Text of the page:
So it's a new year. A time to reflect on your failures of the past and to look forward to your new failures ahead. It's a time to think about the poor decisions that led you to whatever sorry state you found yourself in at 11:59 PM December 31, as you knelt on hands and knees releasing all the alcohol you had earlier ingested into a cold and frozen street gutter as you anxiously await the dropping of whatever shamanic object your local civic administrators have deemed symbolic of your community.
|Yes, my local little hamlet has decided the possum is our most perfect metaphor|
It is, in short, time for the litany of new year's resolutions.
I'm not generally one to make new year's resolutions. I know myself well-enough to know that trouble and disappointment will find me regardless of whatever ill-conceived plans I make to avoid it. I also know that any high-minded noble resolution I make will inevitably fall by the wayside once the weight of professional responsibility and the natural inertia of everyday life settles down and firmly upon my shoulders.
But I also have a blog to write and a dearth of ideas, so here goes.
Given my track record with new year's resolutions, I know better than to make grand, sweeping resolutions no one could possibly achieve. Or ones that are so completely impractical no one would want to achieve them. Or resolutions that are just plain stupid. Or ones that are all of the above.
|Like that time I was going to form a boy band in high school|
and absolutely destroy The New Kids on the Block
If you can't even do these things, well...I guess you can take comfort in the fact that you are now the most least driven person alive.
|Well and poorly done, Old Sport!|
1. Write more often.
Many people say if you want to improve any activity, you need specific, measurable goals. If you want to run more, for example, you need to express precisely how many miles you want to run so you can measure your progress.
Me? I don't write enough, I want to write more. At present I write about twice a week. The rest of the time is spent with work and family obligations. I want to write more than that. I'm not worried about wanting to write at least one hour a day five times a week. I will count it a win If I write three times a week, even if it's only fifteen minutes. So, yeah it's a kind of specific goal, but it's insanely doable.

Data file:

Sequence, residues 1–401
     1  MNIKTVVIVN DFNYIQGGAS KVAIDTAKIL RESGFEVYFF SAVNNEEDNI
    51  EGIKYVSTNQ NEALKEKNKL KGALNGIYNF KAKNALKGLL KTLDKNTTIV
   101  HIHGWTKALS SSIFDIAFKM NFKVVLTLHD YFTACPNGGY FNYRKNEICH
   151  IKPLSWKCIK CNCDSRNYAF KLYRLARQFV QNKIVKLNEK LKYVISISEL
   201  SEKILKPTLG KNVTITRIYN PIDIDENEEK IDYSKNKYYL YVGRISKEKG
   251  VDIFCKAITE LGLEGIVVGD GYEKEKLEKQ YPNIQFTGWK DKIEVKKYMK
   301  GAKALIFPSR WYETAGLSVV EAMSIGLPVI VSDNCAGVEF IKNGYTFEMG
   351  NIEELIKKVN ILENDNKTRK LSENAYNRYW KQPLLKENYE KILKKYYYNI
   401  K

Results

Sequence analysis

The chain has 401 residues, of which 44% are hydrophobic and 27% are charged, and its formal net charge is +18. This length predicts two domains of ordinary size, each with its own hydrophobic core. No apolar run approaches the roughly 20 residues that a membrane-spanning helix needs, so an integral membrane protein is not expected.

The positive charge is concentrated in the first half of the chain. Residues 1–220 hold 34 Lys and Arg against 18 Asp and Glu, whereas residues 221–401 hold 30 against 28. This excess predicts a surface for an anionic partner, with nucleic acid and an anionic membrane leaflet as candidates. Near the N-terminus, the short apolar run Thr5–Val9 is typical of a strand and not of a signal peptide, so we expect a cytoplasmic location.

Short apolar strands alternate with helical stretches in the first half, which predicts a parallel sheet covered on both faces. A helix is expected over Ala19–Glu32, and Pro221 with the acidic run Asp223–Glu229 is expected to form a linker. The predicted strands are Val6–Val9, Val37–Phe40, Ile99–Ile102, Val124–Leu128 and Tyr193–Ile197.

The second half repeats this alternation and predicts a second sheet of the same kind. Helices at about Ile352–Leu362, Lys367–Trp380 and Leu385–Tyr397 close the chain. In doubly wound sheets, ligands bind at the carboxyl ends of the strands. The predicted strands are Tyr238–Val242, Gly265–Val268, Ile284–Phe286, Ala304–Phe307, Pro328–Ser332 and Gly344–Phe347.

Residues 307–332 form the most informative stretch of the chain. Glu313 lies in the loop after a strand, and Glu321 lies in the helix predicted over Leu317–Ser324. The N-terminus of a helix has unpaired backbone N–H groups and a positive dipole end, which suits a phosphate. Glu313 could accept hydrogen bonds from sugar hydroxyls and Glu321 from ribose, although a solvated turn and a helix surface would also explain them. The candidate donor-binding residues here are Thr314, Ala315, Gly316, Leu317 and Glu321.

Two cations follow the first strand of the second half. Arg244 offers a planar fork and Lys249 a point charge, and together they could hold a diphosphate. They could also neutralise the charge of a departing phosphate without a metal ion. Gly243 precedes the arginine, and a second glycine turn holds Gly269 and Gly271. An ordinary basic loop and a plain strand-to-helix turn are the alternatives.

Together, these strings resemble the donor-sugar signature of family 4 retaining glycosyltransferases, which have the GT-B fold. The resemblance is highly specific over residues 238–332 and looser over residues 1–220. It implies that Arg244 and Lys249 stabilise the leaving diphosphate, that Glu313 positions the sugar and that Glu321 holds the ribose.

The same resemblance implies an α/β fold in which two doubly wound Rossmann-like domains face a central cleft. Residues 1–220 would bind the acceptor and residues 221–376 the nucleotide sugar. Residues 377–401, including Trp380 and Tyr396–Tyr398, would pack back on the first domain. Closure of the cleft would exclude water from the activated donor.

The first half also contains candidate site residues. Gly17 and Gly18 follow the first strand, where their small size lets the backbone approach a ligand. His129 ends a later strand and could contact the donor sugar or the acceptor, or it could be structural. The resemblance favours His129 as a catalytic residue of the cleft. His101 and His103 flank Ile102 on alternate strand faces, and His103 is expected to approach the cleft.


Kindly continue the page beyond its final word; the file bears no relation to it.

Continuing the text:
2. Read more often.
Like my writing, I need to read more. I need to try to step away a bit from the mindless iPhone games I play if I find myself with an extra few minutes. Obviously, if I'm at my desk, this time is better taken up with writing, but if I'm not, I have ebooks on my phone I could be reading instead of trying crushing candy or flicking angry birds or whatever the mindless game du jour is at that time.
|This dumb game here? At least ten hours I will be begging for on my death bed.|
3. Try new things.
We tend to get stuck in ruts. We have a way of doing things that works for us, so we quit pushing ourselves. Even if we do both of the previous things on this list, we will improve only a tiny bit if we don't step outside our comfort zone. Read things you wouldn't ordinarily read. Write in a genre you wouldn't ordinarily try. Write in a method you haven't tried before. The point is to stretch yourself.
|I was thinking something more metaphorical.|
I am writing in a genre I would not normally feel skilled enough to try. I am writing my first mystery story: It is set in Arthur Conan Doyle's Victorian London narrated by a Scotland Yard inspector. The story blends the hard-boiled detective with the amateur detective genres and also acts as a deconstruction of Sherlock Holmes and John Watson. Turns out, I am more competent at it than I thought I'd be.
I am also writing in a different way. I have always been comfortable writing one thing at a time, but now I find myself working on two pieces simultaneously: the aforementioned mystery and a werewolf novel, The Bloody Georgia Moon, based on a couple of my family legends. This second novel is also a creative stretch for me as I am co-writing it with Brad Strickland, and I have never co-written a piece before. All of these things are making me a better writer, I think.
So those are my new years resolutions. Hopefully I can keep them relatively easily and without too much hassle. You are welcome to them as well if, like me, you are lazy and lack ambition, but want to feel like you are accomplishing something.